Enhanced Work Item Support in Vista

While writing the threaded and non-threaded PIRP entry, I had the I/O manager developers review what I wrote to make sure I was giving out correct information. After the review, the I/O manager folks wanted to know if they could write some guest entries to let driver writers know about new I/O manager features in Vista. So, for my first guest spot, we have Paul Sliwowicz who works on the I/O manager. Here is what Paul has to say...

Prior to Vista (and starting on Windows 2000), drivers had the option of creating an I/O work item using IoAllocateWorkItem() which could then be used to post some work to a system worker thread using IoQueueWorkItem(). These functions have a couple of shortcomings: they do not allow for a work item to be embedded inside a structure (vs. the deprecated WORK_QUEUE_ITEM structure which let you do this), and IoQueueWorkItem() requires a valid device object pointer to use a work item.

In order to address these two issues, several new routines were added to make things more flexible:

  • IoSizeofWorkItem()
  • IoInitializeWorkItem()
  • IoQueueWorkItemEx()
  • IoUninitializeWorkItem()

A driver can now use IoSizeofWorkItem() and IoInitializeWorkItem() to allocate and initialize their own work items and embed them in a structure such as the following (which you could have at the end of a device extension, for example):

    typedef struct _WORK_ITEM_CONTEXT {
ULONG Context;
UCHAR WorkItemStart[1];

ULONG size;

// Compute the size up to the variable length array

// Now add the size of the work item
size += IoSizeofWorkItem();

pContext = ExAllocatePoolWithTag(NonPagedPool, size, <tag>);
if (pContext == NULL) {

pContext->Size = size;

// And now we need to initialize the work item itself
IoInitializeWorkItem(DeviceObject, (PIO_WORKITEM) &pContext->WorkItemStart[0]);

And instead of freeing the work item when you are done with it, you simply uninitialize it:
    IoUninitializeWorkItem((PIO_WORKITEM) &pContext->WorkItemStart[0]);
The other routine that was added was IoQueueWorkItemEx(). This routine has a couple of benefits over IoQueueWorkItem(). First off, it eliminates the need to have a device object associated with the work item; a driver can now simply pass their driver object (with some unfortunate casting) when calling IoAllocateWorkItem() or IoInitializeWorkItem if they wanted to issue a work item unrelated to a specific device. Secondly, it allows the worker routine to receive a pointer to the work item itself along with the context that is passed.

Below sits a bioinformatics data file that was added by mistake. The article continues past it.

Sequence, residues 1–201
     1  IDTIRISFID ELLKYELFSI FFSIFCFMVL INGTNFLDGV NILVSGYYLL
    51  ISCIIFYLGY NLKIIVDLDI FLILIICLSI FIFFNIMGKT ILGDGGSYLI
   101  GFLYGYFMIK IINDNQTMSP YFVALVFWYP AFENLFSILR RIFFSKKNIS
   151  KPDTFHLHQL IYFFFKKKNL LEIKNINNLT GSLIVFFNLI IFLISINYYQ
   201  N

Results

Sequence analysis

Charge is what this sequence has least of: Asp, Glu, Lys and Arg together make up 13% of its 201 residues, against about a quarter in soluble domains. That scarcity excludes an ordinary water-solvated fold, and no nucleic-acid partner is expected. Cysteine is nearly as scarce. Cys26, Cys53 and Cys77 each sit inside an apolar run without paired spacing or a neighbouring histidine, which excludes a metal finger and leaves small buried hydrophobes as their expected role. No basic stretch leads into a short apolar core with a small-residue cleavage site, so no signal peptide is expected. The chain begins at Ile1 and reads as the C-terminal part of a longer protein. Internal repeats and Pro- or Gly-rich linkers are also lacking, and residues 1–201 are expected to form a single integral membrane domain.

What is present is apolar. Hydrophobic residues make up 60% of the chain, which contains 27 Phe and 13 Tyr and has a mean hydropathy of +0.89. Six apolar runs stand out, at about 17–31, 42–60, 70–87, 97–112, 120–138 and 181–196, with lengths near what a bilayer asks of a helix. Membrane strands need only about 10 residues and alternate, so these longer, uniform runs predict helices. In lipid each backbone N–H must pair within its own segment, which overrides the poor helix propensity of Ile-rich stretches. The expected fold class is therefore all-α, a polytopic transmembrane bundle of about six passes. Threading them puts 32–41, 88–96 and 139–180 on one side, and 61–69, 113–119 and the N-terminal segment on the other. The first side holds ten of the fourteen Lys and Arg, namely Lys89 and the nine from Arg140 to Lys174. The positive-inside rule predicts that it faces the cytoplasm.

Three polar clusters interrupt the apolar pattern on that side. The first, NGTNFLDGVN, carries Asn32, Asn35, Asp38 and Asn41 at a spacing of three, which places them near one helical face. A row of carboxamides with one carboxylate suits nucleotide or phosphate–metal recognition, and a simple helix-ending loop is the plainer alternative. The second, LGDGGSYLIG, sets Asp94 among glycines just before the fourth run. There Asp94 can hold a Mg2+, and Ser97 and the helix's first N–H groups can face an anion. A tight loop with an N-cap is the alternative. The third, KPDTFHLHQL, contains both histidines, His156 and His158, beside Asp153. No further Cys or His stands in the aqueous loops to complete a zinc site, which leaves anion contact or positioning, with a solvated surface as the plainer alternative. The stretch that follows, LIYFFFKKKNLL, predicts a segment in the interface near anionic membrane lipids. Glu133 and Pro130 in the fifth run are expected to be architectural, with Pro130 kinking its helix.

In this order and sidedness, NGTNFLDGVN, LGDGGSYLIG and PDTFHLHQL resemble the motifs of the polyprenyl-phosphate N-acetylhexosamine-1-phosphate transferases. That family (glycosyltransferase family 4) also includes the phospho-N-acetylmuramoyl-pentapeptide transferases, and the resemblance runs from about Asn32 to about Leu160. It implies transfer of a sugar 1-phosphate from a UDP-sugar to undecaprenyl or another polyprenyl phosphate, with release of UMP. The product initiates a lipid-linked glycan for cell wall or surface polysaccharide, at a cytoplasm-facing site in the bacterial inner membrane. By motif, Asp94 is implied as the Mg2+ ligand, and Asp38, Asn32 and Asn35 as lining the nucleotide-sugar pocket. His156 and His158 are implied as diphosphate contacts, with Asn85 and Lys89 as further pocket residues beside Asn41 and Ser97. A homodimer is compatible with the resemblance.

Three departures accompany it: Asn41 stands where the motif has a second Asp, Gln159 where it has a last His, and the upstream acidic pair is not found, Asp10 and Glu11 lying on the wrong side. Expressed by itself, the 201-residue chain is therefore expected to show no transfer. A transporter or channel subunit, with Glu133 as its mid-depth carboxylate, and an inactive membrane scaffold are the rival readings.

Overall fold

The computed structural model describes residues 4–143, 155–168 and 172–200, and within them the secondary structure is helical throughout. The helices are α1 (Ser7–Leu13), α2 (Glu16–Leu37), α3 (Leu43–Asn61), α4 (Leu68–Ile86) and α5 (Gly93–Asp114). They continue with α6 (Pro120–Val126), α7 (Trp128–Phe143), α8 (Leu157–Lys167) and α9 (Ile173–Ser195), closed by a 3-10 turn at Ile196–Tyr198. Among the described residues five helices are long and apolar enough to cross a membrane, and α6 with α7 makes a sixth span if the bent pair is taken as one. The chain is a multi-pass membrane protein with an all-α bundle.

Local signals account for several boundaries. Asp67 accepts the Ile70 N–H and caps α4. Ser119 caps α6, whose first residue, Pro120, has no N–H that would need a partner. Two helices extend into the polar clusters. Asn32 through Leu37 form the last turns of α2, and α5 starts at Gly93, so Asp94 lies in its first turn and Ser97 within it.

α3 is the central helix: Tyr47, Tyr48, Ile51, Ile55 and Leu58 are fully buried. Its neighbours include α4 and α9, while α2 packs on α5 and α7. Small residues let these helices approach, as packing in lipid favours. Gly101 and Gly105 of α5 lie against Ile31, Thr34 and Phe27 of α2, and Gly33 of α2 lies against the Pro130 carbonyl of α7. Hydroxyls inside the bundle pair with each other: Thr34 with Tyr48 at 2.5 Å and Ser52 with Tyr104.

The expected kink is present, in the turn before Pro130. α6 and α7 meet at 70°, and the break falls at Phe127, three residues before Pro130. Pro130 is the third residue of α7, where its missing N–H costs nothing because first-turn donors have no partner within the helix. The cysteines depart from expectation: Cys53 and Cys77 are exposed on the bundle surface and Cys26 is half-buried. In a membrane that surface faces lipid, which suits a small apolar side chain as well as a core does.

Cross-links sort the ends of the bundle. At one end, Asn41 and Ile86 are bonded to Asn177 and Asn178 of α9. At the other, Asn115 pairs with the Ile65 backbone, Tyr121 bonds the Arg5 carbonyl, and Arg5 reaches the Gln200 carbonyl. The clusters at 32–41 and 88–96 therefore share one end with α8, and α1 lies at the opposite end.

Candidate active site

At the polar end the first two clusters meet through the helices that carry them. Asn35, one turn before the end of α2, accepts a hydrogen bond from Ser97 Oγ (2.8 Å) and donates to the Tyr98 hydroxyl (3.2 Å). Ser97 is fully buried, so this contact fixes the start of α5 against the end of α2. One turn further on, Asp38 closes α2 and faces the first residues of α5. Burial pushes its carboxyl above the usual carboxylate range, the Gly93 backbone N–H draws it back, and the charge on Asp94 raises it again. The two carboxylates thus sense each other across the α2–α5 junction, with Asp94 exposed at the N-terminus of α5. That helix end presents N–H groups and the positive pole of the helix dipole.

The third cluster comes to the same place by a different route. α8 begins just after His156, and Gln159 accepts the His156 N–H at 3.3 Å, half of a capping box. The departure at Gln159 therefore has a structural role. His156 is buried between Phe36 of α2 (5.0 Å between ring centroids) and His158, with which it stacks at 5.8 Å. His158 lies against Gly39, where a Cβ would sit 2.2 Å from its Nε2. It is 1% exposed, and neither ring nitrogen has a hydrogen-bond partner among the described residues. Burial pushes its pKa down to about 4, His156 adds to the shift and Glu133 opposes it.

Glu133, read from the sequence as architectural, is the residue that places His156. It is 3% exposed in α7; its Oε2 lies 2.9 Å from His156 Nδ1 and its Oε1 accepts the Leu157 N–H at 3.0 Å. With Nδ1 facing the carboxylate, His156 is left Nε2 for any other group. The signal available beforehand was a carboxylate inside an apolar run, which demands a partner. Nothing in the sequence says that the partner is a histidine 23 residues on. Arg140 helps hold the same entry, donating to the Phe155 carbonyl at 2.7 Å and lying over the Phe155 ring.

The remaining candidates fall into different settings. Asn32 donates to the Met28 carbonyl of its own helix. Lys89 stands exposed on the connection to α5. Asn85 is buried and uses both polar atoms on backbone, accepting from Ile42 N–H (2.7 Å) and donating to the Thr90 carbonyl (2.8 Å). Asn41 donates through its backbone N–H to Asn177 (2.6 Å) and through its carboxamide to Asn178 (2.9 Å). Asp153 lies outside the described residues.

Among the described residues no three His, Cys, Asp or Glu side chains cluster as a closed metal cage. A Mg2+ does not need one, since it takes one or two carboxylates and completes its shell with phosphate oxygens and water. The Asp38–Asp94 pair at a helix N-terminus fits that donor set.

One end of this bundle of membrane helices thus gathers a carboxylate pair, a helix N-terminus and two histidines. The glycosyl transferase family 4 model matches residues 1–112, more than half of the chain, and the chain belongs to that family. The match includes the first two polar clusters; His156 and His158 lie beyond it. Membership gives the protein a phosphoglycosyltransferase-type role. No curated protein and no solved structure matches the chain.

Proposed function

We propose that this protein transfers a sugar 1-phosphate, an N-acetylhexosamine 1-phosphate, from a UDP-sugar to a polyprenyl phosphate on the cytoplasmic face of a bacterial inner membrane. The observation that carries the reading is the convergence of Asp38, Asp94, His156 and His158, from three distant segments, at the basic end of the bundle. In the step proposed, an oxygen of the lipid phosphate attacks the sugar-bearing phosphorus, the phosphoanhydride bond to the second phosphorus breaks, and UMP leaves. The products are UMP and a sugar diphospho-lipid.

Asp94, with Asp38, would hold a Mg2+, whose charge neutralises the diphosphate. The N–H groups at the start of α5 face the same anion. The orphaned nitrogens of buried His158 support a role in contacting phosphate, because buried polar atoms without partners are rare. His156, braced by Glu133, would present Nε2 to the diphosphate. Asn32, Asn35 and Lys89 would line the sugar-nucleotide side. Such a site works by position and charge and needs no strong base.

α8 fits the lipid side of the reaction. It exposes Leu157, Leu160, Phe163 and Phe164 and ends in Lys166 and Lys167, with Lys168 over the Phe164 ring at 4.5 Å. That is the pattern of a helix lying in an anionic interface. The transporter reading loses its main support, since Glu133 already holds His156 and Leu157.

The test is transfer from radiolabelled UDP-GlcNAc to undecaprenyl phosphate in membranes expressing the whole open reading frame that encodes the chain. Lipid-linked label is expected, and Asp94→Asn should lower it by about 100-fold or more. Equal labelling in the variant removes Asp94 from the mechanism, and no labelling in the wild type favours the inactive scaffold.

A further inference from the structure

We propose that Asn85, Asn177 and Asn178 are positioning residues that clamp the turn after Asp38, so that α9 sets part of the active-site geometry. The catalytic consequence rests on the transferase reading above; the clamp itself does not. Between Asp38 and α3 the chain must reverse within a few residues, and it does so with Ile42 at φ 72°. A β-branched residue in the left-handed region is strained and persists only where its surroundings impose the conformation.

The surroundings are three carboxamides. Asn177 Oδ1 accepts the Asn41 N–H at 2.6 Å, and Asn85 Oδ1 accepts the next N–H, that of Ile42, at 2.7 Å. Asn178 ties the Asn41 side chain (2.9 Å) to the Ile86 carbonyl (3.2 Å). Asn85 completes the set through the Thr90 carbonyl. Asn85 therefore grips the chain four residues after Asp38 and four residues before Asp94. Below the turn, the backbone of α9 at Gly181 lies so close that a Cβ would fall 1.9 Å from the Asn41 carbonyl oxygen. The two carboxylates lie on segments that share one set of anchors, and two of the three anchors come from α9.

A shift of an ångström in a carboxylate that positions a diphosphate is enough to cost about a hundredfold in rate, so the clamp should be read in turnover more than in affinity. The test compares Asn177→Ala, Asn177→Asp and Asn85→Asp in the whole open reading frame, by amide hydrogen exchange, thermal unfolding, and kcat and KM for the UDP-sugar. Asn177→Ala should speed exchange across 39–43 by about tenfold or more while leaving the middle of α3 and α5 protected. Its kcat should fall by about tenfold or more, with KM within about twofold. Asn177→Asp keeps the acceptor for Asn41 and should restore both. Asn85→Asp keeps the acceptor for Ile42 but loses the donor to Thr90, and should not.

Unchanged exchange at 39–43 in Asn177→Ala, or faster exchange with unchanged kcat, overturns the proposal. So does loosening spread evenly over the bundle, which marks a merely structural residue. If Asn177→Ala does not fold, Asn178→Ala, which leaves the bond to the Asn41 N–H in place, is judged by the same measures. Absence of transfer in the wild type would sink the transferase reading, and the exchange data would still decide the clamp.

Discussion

This means the signature for the callback that you pass as a parameter to IoQueueWorkItemEx() is different than the callback you used to pass as a parameter to IoQueueWorkItem(). The IoQueueWorkItemEx() callback takes the extra work item parameter and has a PVOID as the first entry (so it can handle either a driver object or a device object):

__in PVOID IoObject,
__in_opt PVOID Context,
__in PIO_WORKITEM IoWorkItem
Now we could do something like this with the initialized work item we created above:
    IoQueueWorkItemEx((PIO_WORKITEM) &pContext->WorkItemStart[0],
And when inside the worker routine you can use CONTAINING_RECORD to get back your original context. So now we have access to both the original structure we embedded the work item into as well as the context we passed when we actually queued the request!
WorkItemRoutine (
__in PVOID IoObject,
__in_opt PVOID Context,
__in PIO_WORKITEM IoWorkItem

pWorkContext = CONTAINING_RECORD(IoWorkItem, WORK_ITEM_CONTEXT, WorkItemStart);

// ... do work ...

pWorkContext = NULL;

Comments (2)

  1. Have you ever looked at the work item APIs and wondered why there are two different

    types of work items?…

  2. This interview is a bit old, but NarG talks about the I/O manager and the driver model.&amp;nbsp; If you…

Skip to main content